Stuff from my Notes Vol 1.

Hello there! I mentioned in my last post that I occasionally read my old papers. I also read my old (and not-so-old) class notes from time to time, partially to study and partially to see if I can even understand what I wrote down. Sometimes concepts seem so concrete when your professor explains them and then only a few short days later they elude you, and your haphazardly jotted notes provide no solace. So it’s important to write more than you think you should, just in case your brain does what mine tends to do – bury that interesting bit of information deep down, to be resurrected at inopportune times, namely to bore the person you’re sharing a coffee or beer with, instead of when you need it, for instance on exam day!

So ANYWAY I wanted to share this little tidbit that I came across today from my Energy Economics class last week. I thought it was such a nice, concise way to visualize an integral concept to technological development.


Yes, I see now that to someone who is not me this doesn’t seem very revolutionary, and might not make any sense at all. Essentially, this is the way in which price drives innovation. We’d all love to believe that inspiration strikes all of us at random times, that technology is at the fingertips of wizards in their fields and forms a nebulous forcefield around those individuals, impenetrable by the layman. Technological advancement just happens! This isn’t necessarily the case, however. Changes and improvements to our lives come about out of necessity, and the most important driver of necessity is price.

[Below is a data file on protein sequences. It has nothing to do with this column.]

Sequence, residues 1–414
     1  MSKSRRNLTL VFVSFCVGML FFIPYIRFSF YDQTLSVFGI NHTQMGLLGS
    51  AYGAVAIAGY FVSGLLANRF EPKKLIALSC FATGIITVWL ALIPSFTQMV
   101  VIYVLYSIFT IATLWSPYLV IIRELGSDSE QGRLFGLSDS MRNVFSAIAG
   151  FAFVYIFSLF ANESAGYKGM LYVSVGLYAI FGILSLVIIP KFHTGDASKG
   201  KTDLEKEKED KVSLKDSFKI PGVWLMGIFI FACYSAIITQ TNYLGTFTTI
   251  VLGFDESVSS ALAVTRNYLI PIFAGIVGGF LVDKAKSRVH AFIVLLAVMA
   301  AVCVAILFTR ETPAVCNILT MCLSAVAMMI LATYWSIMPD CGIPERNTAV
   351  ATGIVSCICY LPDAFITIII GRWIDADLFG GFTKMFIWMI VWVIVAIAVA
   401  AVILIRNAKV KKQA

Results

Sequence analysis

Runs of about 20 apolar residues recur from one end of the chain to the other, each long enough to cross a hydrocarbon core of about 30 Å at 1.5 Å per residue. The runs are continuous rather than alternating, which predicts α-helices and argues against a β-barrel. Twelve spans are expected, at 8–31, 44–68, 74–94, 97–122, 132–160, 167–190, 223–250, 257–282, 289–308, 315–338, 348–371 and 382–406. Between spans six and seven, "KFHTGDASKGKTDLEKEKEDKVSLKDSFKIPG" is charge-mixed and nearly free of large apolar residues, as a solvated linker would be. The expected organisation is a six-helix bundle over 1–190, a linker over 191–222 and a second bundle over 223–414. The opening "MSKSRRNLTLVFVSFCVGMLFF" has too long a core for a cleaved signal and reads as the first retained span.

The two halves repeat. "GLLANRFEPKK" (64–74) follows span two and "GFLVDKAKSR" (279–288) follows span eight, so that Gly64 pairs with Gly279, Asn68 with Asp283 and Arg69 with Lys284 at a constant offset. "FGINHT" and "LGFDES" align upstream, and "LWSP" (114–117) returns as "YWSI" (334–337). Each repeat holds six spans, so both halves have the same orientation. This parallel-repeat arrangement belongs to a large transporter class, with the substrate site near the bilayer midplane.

Fossil fuels have always polluted the environment and we’ve always known about the detrimental effects, but they’ve dominated the market as the cheapest source of fuel and so for a long time it’s been unnecessary to provide substitutes or alternatives. However, once gas prices rise (the p ^), innovation in, for instance, renewable resources, becomes more palatable, because they may well end up less expensive (price down) as supply of the new resource rises to meet demand. The next time a technological advancement is needed won’t be until the price of current technology rises for the myriad reasons that prices do rise. So high prices lead to new discoveries and innovations, leading to lower prices, and lower demand for new innovation. Cue the Lion King soundtrack! Now we’ll both remember this for our exam..


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